Analysis of the New Law The Law Commissions concern was to protect land owners with registered title to be able to rely on their registration for the protection of their ownership except in limited circumstances. The Law Commission acknowledged that certain squatters right should prevail over the registered owner, however, the emphasis was on those squatters whose intention is to wrongly possess land which in criminal law amounts to appropriation in theft. Furthermore, noting the principle of limitation on intending to bar claimants from sleeping on their rights, the Commission points out that sometimes landowners realise that there are squatters present when it is too late, which is as a result of the inadvertence of the landowner. The moral implication of this is, landowners who fail to adequately supervise their properties, lose their land. Neil Cobb and Lorna Fox states that the Commission failed to address academic literature on this principle and instead took a common sense approach to the issue of certainty of title. The new regime failed to realise that squatting is constituent of a broader framework where there are other extrinsic factors such as rising house prices, empty properties and so on which are balanced by squatters possessing unsupervised properties. Cobb and Fox discuss Lockes labour-desert theory in this context which is based on the ideology that natural rights on land can be acquired through productive use. Even though Locke focused on unowned or natural property, he did emphasise on rewarding the useful labourer. Contrary to this view is the context whether the land owner the leaves the property empty for future plans as in Beaulane Properties Ltd v Palmer. The morality of the urban squatter can also be viewed by applying Radins personhood theory, which drew on Hegels justification for private property, emphasised the relationship that develops between the individual and certain items of property that become constitutive of their personhood, and argued that these relationships should be protected because to achieve proper self-development to be a person an individual needs some control over resources in the external environment. Drawing from the personhood theory, it can be argued that the the (im)morality of squatting raises complex jurisprudential issues, which were not admitted under the Law Commissions agenda against adverse possession in registered land. Justifications for the New Law Certainty of title is one of the important social objectives behind rules of adverse possession. If claims to land that are based on long possession are nevertheless allowed to be defeated by others showing that they were the owner some time in the past, it is inevitable that title to land becomes uncertain which are not conducive to a liberal market engaged in exchange and bargain. The basic premise must be that long, unchallenged possession of land should not be disturbed. The Limitation Act operated in an arbitrary way in providing a cut off point when the true owner could not challenge the title of another possessor of the land to which the original title pertained. The resulting uncertainty over title has an impact not only on the person who has been in possession of the land, but also on third parties such as purchasers and mortgagees who may have interests in the land. In other words, title in real property law must be seen as operating in a multitude of transactions concerning the same piece of land. Leaving aside one or two exceptions, the uncertainties that arise in relation to the ownership of land, are unlikely to arise if land registration is compulsory. In this case, the landowner can be easily identified from the Land Registry. Even though the possibility of problems arising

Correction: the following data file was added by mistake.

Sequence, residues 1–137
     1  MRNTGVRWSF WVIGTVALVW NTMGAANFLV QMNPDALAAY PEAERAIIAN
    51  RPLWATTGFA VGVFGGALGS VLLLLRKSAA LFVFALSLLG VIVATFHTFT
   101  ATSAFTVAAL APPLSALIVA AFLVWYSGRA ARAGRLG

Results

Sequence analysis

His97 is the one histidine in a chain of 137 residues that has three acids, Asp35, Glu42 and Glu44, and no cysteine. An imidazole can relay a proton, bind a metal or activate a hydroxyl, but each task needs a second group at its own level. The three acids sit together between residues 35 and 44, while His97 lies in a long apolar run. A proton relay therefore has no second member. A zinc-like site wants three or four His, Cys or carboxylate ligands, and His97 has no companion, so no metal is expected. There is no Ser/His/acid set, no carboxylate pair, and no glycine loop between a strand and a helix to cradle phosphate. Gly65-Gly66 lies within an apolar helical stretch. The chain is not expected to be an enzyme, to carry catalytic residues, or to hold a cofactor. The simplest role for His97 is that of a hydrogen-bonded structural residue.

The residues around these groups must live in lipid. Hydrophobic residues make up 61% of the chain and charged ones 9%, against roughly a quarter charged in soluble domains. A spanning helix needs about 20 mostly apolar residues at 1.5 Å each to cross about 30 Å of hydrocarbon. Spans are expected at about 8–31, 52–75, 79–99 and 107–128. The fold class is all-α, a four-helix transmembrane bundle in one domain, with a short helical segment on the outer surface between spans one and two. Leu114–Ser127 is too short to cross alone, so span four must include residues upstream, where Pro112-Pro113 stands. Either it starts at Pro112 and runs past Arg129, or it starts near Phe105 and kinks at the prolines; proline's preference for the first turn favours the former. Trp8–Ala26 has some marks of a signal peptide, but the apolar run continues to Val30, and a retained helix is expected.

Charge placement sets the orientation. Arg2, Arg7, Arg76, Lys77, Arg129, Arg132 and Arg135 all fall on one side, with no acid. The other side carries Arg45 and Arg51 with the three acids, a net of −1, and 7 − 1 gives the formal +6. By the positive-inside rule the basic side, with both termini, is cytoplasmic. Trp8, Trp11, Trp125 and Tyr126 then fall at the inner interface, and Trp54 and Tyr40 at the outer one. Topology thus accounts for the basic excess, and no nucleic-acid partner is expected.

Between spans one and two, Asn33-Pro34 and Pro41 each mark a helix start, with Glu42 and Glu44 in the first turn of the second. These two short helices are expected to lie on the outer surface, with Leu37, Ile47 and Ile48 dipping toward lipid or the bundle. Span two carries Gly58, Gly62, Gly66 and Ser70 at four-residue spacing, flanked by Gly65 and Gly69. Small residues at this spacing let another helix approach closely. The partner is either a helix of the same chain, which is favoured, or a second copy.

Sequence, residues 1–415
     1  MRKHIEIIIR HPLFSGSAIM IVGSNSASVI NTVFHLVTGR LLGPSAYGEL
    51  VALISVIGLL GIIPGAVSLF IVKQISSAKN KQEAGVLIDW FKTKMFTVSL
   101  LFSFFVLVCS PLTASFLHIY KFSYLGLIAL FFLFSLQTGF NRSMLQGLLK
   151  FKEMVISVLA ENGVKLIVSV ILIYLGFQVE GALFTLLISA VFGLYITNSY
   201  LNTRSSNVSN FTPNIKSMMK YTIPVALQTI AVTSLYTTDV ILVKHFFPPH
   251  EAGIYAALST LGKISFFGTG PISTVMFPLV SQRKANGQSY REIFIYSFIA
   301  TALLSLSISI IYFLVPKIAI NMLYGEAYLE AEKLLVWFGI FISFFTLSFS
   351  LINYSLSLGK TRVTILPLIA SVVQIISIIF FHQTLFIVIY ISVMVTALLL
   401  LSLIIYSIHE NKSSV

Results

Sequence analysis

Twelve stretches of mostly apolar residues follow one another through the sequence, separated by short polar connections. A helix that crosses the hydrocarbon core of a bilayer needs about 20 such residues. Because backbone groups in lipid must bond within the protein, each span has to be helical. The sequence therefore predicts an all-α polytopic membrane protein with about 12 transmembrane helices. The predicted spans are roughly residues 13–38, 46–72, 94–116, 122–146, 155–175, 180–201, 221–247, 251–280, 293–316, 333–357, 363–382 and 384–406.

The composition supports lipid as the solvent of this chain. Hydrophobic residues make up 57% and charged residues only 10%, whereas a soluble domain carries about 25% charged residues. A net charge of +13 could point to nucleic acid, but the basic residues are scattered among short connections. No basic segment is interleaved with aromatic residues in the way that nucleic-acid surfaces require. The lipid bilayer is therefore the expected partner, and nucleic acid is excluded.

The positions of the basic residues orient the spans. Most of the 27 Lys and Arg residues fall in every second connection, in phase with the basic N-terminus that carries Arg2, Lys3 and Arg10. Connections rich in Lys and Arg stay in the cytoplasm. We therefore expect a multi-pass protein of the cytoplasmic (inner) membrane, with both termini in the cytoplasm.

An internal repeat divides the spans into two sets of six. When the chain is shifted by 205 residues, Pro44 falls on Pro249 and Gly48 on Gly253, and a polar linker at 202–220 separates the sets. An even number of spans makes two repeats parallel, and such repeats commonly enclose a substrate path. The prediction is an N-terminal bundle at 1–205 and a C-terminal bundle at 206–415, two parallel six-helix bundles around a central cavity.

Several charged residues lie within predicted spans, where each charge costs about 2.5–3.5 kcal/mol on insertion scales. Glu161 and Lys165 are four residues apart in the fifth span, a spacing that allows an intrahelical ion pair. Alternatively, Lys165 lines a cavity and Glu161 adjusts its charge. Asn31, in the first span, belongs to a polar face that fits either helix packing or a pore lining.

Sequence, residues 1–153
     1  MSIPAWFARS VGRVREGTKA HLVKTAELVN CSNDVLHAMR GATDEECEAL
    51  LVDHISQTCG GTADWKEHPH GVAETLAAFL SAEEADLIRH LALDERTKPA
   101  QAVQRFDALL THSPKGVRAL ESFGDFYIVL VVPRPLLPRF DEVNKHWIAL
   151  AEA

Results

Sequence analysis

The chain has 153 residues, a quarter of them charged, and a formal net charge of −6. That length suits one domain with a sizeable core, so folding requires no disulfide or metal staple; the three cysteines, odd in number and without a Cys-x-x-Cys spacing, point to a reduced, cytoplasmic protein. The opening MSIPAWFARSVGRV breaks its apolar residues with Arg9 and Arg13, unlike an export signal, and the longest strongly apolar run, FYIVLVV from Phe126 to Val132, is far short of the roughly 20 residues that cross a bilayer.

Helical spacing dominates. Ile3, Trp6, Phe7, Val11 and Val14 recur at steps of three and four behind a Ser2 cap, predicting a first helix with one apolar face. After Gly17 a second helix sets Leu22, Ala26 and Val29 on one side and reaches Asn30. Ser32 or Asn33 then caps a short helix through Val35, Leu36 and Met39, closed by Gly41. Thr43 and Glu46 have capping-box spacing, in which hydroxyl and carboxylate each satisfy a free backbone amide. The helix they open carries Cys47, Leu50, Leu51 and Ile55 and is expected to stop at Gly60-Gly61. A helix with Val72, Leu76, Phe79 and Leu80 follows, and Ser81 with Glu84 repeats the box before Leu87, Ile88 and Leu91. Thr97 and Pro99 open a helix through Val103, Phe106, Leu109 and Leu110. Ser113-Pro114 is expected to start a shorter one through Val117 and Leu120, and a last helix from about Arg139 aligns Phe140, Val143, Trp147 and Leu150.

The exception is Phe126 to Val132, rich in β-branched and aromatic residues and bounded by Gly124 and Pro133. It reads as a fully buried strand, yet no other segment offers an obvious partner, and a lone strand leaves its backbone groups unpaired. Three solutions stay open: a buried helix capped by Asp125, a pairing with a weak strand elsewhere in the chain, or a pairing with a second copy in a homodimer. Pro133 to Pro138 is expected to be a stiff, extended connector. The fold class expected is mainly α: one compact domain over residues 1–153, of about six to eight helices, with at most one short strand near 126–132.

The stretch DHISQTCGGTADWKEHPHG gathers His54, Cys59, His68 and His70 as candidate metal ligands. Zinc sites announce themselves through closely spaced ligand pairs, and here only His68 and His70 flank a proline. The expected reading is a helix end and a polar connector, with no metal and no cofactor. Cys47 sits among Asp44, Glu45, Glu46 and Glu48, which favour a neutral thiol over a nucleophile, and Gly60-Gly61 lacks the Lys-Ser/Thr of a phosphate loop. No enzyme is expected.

with registered land is there in relation to strips of land near to boundaries as the Land Registry generally plans to indicate general boundaries but the new regime is necessary.

Limitation periods are based on the principle that people should not be able to sit on their rights indefinitely without exceptions. However, no immediate plans for the land should entitle a trespasser to acquire the land simply because he has been permitted to remain there for 12 years and it seems illogical and disproportionate. It is because following the justification of adverse possession, in the absence of the limitation period, a squatter would be entitled to claim possession whenever he wanted the land and in the absence of any steps taken by the owner, the owner should lose hectares of land to the squatter with no compensation whatsoever. Human Rights In Graham v UK, a claim was brought against the UK in the European Court of Human Rights (ECHR) alleging that the decision of the House of Lords was incompatible with Article 1 of Protocol to the European Convention on Human Rights. The ECHR concluded that Pyes right to peaceful enjoyment of its property had been infringed by the operation of the statutory provisions relating to adverse possession contained in the Land Registration Act 1925 and the Limitation Act 1980 and that this was unjustifiable without compensation being given to the landowner. Furthermore, the changes introduced by the Land Registration Act 2002 address much of the potential injustice of adverse possession law for registered landowners (which was not in force at the time of the case).